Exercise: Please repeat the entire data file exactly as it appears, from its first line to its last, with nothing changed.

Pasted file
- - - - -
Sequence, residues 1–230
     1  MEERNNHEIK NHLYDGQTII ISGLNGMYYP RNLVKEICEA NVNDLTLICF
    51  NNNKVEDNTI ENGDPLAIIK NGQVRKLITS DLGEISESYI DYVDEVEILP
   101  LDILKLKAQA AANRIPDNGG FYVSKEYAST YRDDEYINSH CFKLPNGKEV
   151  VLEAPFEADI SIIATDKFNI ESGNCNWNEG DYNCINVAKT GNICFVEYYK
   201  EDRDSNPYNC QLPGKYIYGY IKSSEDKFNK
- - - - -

Sequence, residues 1–230
     1  MEERNNHEIK NHLYDGQTII ISGLNGMYYP RNLVKEICEA NVNDLTLICF
    51  NNNKVEDNTI ENGDPLAIIK NGQVRKLITS DLGEISESYI DYVDEVEILP
   101  LDILKLKAQA AANRIPDNGG FYVSKEYAST YRDDEYINSH CFKLPNGKEV
   151  VLEAPFEADI SIIATDKFNI ESGNCNWNEG DYNCINVAKT GNICFVEYYK
   201  EDRDSNPYNC QLPGKYIYGY IKSSEDKFNK